A Masterful and Beautifully Written Piece of Fiction | Review: A Good Neighborhood by Therese Anne Fowler

8:30 AM

Another bright-side to an otherwise bleak year: A Good Neighborhood is truly a stunning novel. 2020 might be sending in the clowns and punching as all, but at least the literary world is feeding us. Right?

A Good Neighborhood
by Therese Anne Fowler

In Oak Knoll, a verdant, tight-knit North Carolina neighborhood, professor of forestry and ecology Valerie Alston-Holt is raising her bright and talented biracial son. Xavier is headed to college in the fall, and after years of single parenting, Valerie is facing the prospect of an empty nest. All is well until the Whitmans move in next door - an apparently traditional family with new money, ambition, and a secretly troubled teenaged daughter.

Thanks to his thriving local business, Brad Whitman is something of a celebrity around town, and he's made a small fortune on his customer service and charm, while his wife, Julia, escaped her trailer park upbringing for the security of marriage and homemaking. Their new house is more than she ever imagined for herself, and who wouldn't want to live in Oak Knoll? With little in common except a property line, these two very different families quickly find themselves at odds: first, over an historic oak tree in Valerie's yard, and soon after, the blossoming romance between their two teenagers.

Told from multiple points of view, A Good Neighborhood asks big questions about life in America today―What does it mean to be a good neighbor? How do we live alongside each other when we don't see eye to eye?―as it explores the effects of class, race, and heartrending star-crossed love in a story that’s as provocative as it is powerful.

A Good Neighborhood by Therese Anne Fowler
Rating: ★★★☆☆ (3.5)
 As always, a copy of this book was provided by the authors in exchange for my honest review. This does not effect my opinion in any way.   

As far as first experiences with an author goes, A Good Neighborhood is a dazzling example of the 'good' category. No pun intended.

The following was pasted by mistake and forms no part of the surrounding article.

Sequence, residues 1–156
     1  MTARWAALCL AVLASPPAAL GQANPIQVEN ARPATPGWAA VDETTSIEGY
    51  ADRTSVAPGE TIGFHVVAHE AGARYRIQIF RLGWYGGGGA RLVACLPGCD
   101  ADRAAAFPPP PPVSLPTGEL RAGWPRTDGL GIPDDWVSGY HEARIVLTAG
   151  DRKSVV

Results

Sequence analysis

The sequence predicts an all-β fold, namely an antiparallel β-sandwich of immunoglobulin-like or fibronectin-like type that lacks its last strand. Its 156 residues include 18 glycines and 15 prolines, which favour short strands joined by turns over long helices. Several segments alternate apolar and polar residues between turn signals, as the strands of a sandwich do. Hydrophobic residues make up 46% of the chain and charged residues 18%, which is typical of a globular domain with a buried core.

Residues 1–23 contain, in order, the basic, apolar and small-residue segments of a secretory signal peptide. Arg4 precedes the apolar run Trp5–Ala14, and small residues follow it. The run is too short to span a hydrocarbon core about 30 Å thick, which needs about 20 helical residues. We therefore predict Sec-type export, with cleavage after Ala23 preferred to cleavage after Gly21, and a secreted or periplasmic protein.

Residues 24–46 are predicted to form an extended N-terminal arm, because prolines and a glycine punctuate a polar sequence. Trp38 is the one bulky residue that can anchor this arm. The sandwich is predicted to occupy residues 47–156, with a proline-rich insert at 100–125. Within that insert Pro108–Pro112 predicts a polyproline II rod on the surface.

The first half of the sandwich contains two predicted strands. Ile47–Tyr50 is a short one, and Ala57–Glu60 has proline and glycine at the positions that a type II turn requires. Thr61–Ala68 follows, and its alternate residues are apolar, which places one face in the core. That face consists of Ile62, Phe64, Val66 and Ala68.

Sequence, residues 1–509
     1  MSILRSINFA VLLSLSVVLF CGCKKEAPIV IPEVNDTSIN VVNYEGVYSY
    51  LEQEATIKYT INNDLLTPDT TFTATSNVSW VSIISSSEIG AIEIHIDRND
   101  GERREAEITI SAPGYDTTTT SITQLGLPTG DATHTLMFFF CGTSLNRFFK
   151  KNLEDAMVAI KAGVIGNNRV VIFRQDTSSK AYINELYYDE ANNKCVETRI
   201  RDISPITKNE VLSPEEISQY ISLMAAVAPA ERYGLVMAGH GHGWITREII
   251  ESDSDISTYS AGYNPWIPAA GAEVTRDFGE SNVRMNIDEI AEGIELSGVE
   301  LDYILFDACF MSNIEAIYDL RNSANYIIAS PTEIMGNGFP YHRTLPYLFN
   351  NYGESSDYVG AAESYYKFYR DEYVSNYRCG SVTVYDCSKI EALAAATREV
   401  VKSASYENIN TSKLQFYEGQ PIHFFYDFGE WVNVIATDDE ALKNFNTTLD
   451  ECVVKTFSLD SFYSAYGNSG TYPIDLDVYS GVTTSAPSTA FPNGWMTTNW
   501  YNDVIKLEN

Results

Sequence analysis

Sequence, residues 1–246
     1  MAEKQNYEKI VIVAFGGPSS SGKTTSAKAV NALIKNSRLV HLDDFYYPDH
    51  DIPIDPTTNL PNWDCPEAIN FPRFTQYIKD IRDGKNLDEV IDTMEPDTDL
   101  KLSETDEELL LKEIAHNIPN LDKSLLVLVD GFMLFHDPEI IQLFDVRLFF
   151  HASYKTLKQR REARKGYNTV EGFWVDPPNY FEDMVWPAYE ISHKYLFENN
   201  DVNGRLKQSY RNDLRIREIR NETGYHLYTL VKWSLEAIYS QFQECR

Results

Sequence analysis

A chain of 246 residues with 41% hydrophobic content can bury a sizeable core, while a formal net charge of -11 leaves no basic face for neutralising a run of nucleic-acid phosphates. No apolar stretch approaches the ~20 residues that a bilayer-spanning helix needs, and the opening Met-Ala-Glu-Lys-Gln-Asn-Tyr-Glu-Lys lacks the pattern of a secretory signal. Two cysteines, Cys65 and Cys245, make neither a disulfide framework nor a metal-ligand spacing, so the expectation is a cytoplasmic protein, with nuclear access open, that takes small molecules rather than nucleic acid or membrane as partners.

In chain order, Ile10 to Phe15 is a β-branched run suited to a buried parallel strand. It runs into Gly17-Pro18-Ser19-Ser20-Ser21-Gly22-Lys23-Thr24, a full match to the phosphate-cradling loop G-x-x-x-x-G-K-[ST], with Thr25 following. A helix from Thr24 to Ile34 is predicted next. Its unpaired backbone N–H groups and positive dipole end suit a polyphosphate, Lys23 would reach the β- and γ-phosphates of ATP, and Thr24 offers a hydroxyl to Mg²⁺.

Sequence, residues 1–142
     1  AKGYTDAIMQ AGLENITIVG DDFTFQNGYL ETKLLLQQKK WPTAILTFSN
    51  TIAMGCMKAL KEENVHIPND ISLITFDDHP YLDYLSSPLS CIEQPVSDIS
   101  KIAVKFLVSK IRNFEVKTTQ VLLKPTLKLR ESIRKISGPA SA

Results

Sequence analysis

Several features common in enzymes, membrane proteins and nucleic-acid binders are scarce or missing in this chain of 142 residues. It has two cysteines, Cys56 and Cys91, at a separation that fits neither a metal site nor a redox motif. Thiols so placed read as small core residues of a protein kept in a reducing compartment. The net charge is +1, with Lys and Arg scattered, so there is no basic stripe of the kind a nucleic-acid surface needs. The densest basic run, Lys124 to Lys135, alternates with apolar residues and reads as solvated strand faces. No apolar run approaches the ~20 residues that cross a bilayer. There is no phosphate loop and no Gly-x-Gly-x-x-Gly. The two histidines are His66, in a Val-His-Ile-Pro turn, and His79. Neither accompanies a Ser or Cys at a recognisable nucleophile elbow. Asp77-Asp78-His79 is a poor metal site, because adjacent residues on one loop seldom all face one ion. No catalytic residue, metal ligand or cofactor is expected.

To be fair, I was both equally excited and hesitant about eventually getting to my ARC of this novel. Namely because, as of late last year, when this book was mailed to me, , a great many of my most anticipated titles have fallen short of my expectations. Not only because of the perpetual bad-mood that comes with our state of the world.

Thankfully, A Good Neighborhood proved to be a welcome addition to my shelves and truly made for a delightful read. And the fact of the matter is that I should have given this novel a fair shot sooner--because it's definitely worthy of the spotlight and I was clearly missing out. Better late than never, right?

Let's get down to the basics: There's this surprisingly mysterious quality to Therese Anne Fowler's prose that makes for A Good Neighborhood to be so engaging and, ultimately, memorable. I found myself annotating many pages in the story. As for flaws, A Good Neighborhood has many (including pacing issues at varied points, which made for a slowed experience) but isn't necessarily defined by any of them. At the end of the day, this a solid work of fiction that isn't quite what you'd expect. 

Based on the synopsis alone, I had the wrong impression of where this novel was destined to go. I'm not sure readers will expect the many heights this one will take them, but that is what makes reading it so engaging.

A Good Neighborhood surprised me on so many levels with its ever-changing emotional landscape and the politics that come with one neighborhood. The manner in which it is written adds several distinct layers and packs a seriously harsh punch. Going into A Good Neighborhood, I never really expected to be hit with the many twists that occurred, but by the end of this novel I felt that hum of an ache at the back of my mind that comes only with an explosive final act.  

Find me on Instagram and/or Twitter.

You Might Also Like